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In 1916, the first edition of Joslin's "Diabetes" appeared in a large volume of 440 pages. The new fourth edition, arriving just twelve years later, contains 998 pages. Such are the complications of modern medicine that one student working intensively at one disease can produce such an encyclopedic volume. The work represents the characteristic Joslin trait of painstaking study of his own work and of careful inquiry into the work of others, all with one end in view — improvement in the treatment of the diabetic patient. The reviewer finds it difficult to attempt a detailed comment; the book contains so much that one can open it at random and receive almost at a glance an impetus to review his own cases of diabetes. This volume is so full of information on so many aspects of the disease other than treatment that it is today the outstanding practical treatise on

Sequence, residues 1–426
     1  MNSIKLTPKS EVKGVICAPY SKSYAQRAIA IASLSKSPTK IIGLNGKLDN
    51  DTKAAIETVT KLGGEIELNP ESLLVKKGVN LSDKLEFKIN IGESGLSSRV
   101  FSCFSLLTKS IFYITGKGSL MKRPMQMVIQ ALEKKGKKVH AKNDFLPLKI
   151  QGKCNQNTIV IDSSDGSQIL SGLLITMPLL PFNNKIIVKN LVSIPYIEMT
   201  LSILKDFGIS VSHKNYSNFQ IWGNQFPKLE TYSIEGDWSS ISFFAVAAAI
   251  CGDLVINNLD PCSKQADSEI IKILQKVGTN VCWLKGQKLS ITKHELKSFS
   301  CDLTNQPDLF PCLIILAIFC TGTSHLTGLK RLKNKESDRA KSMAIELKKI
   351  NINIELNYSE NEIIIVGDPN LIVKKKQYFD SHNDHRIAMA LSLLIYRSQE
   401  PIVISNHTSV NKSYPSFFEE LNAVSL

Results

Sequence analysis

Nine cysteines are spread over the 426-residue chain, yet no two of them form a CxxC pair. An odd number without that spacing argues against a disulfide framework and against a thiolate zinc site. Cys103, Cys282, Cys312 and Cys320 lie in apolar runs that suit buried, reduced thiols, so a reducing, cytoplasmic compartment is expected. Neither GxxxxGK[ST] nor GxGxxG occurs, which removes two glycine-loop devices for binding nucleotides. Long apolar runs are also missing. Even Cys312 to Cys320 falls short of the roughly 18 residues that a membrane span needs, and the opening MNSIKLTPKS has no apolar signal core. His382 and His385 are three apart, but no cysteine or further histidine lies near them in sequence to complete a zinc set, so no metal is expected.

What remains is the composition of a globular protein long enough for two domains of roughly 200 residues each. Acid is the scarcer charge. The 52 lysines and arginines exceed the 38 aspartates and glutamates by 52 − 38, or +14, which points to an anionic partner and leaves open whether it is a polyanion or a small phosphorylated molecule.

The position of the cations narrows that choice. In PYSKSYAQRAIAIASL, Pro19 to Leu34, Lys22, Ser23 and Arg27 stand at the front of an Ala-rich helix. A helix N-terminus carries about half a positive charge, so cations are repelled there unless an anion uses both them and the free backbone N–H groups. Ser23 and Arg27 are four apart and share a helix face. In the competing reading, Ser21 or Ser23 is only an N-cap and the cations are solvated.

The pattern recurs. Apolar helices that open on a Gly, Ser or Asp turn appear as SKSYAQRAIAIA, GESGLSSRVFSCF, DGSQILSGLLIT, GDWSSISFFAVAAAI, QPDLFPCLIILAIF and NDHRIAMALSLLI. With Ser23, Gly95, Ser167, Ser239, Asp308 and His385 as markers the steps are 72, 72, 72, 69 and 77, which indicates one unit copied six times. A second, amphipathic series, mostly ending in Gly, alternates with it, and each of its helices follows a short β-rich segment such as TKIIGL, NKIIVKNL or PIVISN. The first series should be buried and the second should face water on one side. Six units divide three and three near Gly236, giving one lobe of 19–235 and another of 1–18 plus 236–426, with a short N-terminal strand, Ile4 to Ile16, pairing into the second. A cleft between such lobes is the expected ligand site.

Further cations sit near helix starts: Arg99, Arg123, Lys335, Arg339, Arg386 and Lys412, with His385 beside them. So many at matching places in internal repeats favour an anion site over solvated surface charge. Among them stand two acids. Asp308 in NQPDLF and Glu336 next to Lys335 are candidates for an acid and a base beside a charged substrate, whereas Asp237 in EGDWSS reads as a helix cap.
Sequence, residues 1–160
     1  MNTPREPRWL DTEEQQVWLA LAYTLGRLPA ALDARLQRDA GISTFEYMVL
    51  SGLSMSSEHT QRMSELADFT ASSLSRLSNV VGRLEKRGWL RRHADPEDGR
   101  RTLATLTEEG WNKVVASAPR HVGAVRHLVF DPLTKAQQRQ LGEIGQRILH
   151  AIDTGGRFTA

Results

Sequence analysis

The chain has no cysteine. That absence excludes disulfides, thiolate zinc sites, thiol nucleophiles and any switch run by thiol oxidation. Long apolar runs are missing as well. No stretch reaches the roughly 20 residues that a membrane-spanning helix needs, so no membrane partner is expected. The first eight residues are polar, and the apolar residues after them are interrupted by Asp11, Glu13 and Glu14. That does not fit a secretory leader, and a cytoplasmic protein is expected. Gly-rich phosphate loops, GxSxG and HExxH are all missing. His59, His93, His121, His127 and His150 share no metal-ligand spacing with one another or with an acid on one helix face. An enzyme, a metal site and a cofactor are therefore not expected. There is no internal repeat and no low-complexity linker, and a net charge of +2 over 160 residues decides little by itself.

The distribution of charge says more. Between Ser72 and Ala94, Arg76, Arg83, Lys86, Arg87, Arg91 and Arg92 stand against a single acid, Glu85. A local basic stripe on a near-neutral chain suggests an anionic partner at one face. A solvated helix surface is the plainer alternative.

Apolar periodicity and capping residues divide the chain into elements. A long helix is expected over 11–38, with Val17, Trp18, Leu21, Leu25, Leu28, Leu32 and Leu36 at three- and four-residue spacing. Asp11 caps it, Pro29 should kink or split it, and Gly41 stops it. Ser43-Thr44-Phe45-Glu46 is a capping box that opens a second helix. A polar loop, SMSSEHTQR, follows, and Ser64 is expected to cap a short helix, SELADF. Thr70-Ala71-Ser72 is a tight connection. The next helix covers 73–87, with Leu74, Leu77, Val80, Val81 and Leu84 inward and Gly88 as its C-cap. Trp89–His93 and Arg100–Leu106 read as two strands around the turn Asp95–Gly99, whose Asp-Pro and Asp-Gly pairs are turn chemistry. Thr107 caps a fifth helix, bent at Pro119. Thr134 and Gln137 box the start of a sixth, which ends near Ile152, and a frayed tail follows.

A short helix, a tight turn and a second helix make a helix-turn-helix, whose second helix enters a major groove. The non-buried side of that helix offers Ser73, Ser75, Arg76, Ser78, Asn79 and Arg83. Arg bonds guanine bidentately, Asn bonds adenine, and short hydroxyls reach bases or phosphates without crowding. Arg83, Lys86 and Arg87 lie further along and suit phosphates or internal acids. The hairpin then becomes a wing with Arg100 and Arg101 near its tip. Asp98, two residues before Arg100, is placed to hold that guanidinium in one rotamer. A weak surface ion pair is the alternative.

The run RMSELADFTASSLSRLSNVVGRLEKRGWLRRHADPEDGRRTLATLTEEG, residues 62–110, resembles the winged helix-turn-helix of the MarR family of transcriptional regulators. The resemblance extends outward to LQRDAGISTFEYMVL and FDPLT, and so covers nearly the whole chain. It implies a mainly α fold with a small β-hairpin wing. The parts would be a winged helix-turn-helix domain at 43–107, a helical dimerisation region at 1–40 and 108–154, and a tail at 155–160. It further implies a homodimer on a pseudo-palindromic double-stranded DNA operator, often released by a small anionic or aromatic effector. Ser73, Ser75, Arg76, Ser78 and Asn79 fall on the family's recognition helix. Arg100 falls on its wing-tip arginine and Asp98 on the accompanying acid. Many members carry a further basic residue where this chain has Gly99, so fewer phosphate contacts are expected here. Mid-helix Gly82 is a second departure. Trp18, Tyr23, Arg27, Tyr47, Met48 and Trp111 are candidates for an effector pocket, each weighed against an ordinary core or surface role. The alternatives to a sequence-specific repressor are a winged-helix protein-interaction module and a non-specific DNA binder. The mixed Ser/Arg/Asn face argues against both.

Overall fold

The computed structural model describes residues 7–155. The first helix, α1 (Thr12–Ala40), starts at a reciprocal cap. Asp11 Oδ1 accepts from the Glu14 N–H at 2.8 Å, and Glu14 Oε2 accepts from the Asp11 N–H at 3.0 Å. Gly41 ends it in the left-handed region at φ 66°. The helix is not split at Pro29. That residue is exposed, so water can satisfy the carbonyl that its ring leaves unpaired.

The Treatment of Diabetes Mellitus.. Arch Intern Med (Chic). 1928;42(6):956. doi:10.1001/archinte.1928.00130230158018